In between picking up discarded toddler shoes and empty sippy cups, I glance out the backyard and see it: the lemon tree’s branches bowed down, heavy with creamy yellow lemons.
I first watched the lemons ripen 8 years ago. We had just moved into our house, and we inherited the previous owners’ Meyer lemon tree and kumquat tree. That first fall, I didn’t think much about the lemon tree. I was busy working full-time, unpacking, and preparing for the birth of our second daughter.
Then one sunny November afternoon, our daughter, Molly, was born. Settled back at home after our hospital stay, I fell into a rhythm of newborn feedings and diaper changes. I spent most of my time on the living room couch, nursing her, and watching tv or staring out the window into the backyard. One day, I looked up and saw the lemons hanging from the tree branches. The bright yellow fruit stood out to say, cheerfully, here I am, having appeared out of nowhere, like a sweet new baby gift. Likewise, the kumquat tree had seemingly overnight been filled with miniature kumquats ripe for the picking.
As the lemons ripened in the backyard, in the front yard my Dad busied himself putting up a little “It’s a Girl!” sign. He had gone out to get the sign and then stapled it to a small stake, which he hammered into the ground. He was handy like that. He was also larger than life and didn’t care what anyone thought of him. So it came as no surprise when he plucked a kumquat off the kumquat tree and popped it in his mouth, skin and all. “Pretty bitter,” he said, as he popped another one in his mouth. I cringed a little and said “yeah, Dad, I don’t think they’re really meant to be eaten whole like that. I’m not even sure you’re supposed to eat them.” (I later learned that you do eat them skin and all, as he said.)
Each year, right around Molly’s birthday, I look for the lemons to change color. Each year, without fail, they do so. And each year, I marvel at the fact that our lemon tree has stayed the same, while my daughters, and life inside my house, have changed so much.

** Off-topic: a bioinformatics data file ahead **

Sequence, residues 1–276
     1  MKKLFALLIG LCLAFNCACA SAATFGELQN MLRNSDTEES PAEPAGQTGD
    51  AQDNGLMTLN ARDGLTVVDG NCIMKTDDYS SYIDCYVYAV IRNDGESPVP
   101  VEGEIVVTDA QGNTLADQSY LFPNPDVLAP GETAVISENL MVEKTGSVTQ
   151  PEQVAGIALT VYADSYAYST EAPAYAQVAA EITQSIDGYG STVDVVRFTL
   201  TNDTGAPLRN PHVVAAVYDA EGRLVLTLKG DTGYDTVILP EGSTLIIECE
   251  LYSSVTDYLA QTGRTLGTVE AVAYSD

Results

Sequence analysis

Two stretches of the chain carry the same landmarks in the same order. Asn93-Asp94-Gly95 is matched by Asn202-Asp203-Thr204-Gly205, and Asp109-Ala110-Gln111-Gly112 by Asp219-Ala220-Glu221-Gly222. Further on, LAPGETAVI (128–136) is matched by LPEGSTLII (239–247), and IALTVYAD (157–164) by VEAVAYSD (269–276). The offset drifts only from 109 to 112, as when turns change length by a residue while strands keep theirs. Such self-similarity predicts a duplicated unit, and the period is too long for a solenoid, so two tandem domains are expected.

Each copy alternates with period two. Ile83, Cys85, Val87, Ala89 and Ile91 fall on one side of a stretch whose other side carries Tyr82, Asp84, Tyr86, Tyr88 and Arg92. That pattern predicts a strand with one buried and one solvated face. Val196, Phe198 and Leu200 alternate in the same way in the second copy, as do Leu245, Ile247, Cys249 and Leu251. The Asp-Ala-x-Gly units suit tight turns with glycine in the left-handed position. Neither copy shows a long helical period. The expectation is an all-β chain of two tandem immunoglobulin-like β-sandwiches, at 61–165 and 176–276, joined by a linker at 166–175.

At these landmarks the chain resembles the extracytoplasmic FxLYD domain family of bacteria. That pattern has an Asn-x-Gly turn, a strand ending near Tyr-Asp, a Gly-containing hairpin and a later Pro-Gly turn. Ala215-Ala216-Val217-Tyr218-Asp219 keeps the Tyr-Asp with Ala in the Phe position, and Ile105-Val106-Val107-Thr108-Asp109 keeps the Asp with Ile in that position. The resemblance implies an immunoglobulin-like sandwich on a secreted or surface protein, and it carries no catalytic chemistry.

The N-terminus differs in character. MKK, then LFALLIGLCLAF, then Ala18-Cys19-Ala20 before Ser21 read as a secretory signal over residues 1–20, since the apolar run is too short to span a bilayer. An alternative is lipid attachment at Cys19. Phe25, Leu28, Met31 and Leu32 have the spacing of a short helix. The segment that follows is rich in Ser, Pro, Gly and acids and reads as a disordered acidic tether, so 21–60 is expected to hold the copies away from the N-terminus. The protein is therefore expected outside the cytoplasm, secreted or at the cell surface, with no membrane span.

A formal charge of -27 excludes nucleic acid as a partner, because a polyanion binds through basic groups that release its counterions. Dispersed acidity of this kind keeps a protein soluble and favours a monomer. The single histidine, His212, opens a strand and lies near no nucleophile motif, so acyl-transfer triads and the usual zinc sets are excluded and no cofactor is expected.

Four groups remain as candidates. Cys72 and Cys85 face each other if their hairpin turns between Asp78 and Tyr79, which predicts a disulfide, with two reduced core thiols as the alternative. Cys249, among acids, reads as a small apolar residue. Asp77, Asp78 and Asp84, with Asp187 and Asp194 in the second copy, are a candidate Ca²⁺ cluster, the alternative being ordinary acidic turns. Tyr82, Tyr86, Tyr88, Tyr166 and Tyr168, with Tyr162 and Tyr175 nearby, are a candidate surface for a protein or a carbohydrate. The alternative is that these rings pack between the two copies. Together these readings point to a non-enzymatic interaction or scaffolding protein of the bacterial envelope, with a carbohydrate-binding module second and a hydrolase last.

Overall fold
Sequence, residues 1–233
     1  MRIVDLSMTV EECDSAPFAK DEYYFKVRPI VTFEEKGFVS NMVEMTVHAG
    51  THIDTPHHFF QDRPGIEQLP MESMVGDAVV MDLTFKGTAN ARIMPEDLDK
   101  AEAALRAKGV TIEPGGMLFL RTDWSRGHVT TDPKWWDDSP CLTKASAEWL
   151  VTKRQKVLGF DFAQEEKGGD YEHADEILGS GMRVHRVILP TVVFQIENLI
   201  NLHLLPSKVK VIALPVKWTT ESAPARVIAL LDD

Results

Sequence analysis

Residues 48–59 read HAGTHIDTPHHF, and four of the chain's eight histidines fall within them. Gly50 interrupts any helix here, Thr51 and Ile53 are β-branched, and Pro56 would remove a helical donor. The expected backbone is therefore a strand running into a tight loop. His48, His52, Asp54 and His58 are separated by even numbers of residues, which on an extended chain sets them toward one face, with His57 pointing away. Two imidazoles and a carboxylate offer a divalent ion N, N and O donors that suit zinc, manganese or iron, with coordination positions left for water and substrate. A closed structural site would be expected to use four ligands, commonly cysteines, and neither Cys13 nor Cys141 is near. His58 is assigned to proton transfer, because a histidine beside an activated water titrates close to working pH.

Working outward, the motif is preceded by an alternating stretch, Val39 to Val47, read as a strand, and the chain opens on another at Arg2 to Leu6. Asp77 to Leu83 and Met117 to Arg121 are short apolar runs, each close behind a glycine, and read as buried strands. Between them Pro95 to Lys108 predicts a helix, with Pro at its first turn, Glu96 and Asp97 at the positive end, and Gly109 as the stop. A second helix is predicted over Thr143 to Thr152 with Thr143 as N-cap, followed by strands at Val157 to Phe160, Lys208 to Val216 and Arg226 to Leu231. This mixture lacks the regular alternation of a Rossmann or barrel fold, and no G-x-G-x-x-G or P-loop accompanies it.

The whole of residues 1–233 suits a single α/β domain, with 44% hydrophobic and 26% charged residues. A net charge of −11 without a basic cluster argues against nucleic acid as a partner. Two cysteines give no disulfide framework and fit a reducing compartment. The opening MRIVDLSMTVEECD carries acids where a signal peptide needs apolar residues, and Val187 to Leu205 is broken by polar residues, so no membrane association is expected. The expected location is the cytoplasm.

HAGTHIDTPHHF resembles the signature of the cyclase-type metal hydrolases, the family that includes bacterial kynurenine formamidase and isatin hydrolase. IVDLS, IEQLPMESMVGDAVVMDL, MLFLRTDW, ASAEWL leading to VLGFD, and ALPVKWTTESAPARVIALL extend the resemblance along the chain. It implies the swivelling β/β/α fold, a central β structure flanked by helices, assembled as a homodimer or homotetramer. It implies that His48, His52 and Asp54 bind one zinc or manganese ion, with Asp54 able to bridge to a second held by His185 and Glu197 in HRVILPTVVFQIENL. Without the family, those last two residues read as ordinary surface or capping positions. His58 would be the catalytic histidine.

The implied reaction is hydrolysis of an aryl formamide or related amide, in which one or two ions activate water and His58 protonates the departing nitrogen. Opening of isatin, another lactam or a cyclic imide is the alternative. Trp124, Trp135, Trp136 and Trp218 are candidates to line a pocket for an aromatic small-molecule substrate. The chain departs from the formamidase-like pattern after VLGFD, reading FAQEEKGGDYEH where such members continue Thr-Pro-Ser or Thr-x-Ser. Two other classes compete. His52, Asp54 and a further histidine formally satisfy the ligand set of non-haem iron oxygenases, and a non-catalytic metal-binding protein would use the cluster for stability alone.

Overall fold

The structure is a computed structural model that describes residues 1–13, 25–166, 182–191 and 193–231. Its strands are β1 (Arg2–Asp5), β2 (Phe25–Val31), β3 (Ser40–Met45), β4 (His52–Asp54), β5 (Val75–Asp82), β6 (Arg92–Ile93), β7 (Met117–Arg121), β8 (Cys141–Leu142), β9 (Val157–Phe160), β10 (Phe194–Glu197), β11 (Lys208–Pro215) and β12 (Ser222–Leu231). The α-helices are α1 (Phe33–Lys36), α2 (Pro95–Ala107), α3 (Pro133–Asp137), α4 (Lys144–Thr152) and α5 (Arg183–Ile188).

After two years of watching the fruit trees bloom, we welcomed home another baby girl. My Dad put up another little “it’s a girl!” sign. Then, after five seasons of lemons and kumquats, My Dad died unexpectedly. As I grieved him, life continued on while the kumquats sat uneaten on the tree. Later that same year, after I spent two months on bedrest staring out the window at the lemon tree, we joyfully welcomed our spontaneous triplet daughters.
Today, our house is exponentially busier than that first fall when the lemon trees made their appearance. Birthdays, Christmases, and other holidays have come and gone. My daughters have grown by feet and inches, and my older daughters are getting less and less interested in simply playing outside. We’ve rearranged our furniture countless times, and the toys have multiplied beyond measure. In short, nothing much is the same inside our house as it was eight years ago.
Outside, though, the lemon tree continues its predictable pattern of growing beautiful yellow lemons year after year. To me, their predictability is both comforting and bittersweet. When all else is changing, the fruit trees remain the same—dutifully growing, changing, and repeating the pattern year after year. As life inside our house continues to shift and change, their consistency is reassuring. I find comfort in knowing that my world has no bearing on the lemon tree, and that it will continue to bear fruit, lose its leaves, and regenerate no matter what is happening with me. Yet that consistency is also bittersweet, because it reminds me life goes on, year after year, even if my Dad has died or I’ve just welcomed home new babies.
This year, I had to fend the girls off the lemons until they turned from green to palest yellow. When they finally did change color, I told Molly that she could pick some from the tree. I watched as she grabbed the low-hanging fruit with her three toddler sisters. The next time I looked up, they had dragged a stool outside to reach the higher fruit, and Molly was swatting away at it with a broom while perched precariously on the stool. They were having moderate success knocking off the high flung fruit. They came running in, each of the toddlers proudly carrying a lemon and grinning ear to ear. “We got them, Mommy! We got the lemons!”
Molly gathered the lemons and hurried into the kitchen to make homemade lemonade. Her sisters eagerly trailed behind her. Molly used a dull paring knife to cut the lemons, and she found the sugar in the cupboard by herself, too. Her sisters busied themselves dragging a table and chairs outside for their makeshift lemonade stand. “Taste it, Mom!” she said as she thrust a small glass of lemonade in my face on her way out the door.
“It’s really good, Molly.” And that was true—it was not too sweet, and it tasted like fresh lemons. I (temporarily) ignored the sticky, sugary mess she’d left all over the counter as I finished the rest of her lemonade. As I did, I wondered if she’d still want to make her lemonade next year. By then, would she have stopped caring that the lemons were ripe? Would she even notice? I would just have to wait and see. The lemons would be there waiting patiently next fall, either way.